Fire and Rescue NSW engages food delivery industry, warning of e-bike dangers - VIDEO - Sydney

Published: 07 Jun 2024 10:21am

Fire and Rescue NSW (FRNSW) and SafeWork NSW have successfully engaged the nation’s leading food delivery companies and their top e-bike provider, warning riders about the dangers of Lithium-Ion batteries, following a number of devastating fires.

For several months, FRNSW and SafeWork NSW representatives have pro-actively met with a range of companies, including Uber Eats and DoorDash, which have readily agreed to educate their delivery riders about how to safely store and charge their e-bikes.

On December 3 last year, three food delivery riders were rushed to hospital after an e-bike exploded in their Annandale apartment building. One of the riders suffered burns to 40 per cent of his body.

On January 5 this year, firefighters battled a large blaze at a Croydon e-bike repair factory and late last month 50 people were evacuated when a fire broke out in a Chippendale e-bike repair shop.

Firefighters have outlined the risks to food delivery firms, explaining how damaged, compromised and/or over-heated e-bike Lithium-Ion batteries can catch fire and endanger lives.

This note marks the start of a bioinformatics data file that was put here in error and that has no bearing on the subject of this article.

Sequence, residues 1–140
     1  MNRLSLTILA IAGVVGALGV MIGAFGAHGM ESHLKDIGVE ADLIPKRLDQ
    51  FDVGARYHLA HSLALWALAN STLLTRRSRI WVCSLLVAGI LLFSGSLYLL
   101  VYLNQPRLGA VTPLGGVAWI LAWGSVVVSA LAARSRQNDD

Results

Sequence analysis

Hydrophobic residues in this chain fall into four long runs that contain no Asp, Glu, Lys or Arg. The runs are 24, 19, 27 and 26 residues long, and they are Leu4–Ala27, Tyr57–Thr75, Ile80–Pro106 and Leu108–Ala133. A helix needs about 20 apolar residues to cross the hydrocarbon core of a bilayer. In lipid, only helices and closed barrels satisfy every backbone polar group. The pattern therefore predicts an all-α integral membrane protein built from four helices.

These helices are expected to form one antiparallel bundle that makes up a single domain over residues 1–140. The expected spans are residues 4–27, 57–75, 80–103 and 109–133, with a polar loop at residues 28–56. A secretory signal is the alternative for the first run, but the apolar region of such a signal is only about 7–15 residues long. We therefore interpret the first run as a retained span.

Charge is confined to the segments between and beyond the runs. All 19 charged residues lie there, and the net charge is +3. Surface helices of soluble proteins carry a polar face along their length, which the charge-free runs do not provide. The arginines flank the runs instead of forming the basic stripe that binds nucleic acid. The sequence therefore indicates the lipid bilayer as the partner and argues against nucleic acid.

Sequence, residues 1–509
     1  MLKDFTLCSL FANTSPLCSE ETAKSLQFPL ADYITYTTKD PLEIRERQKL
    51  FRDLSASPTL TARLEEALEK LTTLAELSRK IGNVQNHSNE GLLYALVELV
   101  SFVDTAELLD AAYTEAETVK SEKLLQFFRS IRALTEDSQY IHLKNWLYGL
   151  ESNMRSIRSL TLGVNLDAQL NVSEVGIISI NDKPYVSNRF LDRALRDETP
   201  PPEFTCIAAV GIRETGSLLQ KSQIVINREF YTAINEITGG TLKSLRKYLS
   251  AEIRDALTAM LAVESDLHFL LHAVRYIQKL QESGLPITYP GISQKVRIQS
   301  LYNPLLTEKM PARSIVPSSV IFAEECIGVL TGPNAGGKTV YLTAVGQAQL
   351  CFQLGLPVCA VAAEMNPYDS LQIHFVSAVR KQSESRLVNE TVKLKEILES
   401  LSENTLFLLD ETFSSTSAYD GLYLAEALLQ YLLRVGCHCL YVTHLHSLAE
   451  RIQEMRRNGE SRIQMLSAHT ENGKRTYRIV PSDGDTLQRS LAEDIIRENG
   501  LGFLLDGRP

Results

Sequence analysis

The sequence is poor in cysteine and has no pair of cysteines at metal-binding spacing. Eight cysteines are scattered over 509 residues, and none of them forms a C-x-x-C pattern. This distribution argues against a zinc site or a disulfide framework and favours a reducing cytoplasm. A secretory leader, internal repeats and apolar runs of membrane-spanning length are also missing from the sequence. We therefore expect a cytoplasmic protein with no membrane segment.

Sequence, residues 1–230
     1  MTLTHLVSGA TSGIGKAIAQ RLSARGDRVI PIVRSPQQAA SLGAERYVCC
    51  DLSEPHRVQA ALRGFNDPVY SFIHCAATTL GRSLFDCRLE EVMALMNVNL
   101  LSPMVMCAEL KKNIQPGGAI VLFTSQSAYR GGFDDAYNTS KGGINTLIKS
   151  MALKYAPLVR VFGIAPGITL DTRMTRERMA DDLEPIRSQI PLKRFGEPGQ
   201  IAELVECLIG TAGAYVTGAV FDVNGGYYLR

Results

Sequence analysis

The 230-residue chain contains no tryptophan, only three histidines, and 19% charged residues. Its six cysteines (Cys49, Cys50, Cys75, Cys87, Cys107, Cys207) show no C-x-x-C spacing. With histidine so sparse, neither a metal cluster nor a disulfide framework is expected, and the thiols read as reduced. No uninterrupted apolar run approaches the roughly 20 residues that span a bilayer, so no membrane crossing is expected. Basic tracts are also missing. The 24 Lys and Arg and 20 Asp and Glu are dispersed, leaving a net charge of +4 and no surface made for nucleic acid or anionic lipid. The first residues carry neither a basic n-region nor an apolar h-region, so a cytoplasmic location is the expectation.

Similarly, SafeWork NSW Inspectors have been targeting safety compliance with food delivery platforms to raise awareness and enhance rider safety.

FRNSW has also enlisted the support of leading provider of e-bikes to the food delivery industry, Zoomo, which today invited riders together to hear directly from FRNSW Commissioner, Jeremy Fewtrell, and SafeWork NSW.

Zoomo is a Sydney based e-bike fleet management business which leases more than 10,000 e-bikes globally and to 600 food delivery riders in NSW.

Zoomo has taken an industry leading approach to battery safety across the industry and globe based on its long history in the sector.

The companies, eager to help spread the message, have agreed to include e-bike safety messages in their newsletters to staff and employee induction processes, in several languages.

Commissioner Fewtrell said in NSW, Lithium-Ion battery fires have risen from 165 in 2022 and 272 in 2023, to 131 so far this year.

Thirty-five of those Lithium-Ion fires this year related to micromobility devices such as e-bikes, e-scooters and e-skateboards.

“We are so pleased the food delivery firms and leading e-bike supplier have joined us in recognising the risks and safe-guarding their workforces,” Commissioner Fewtrell said.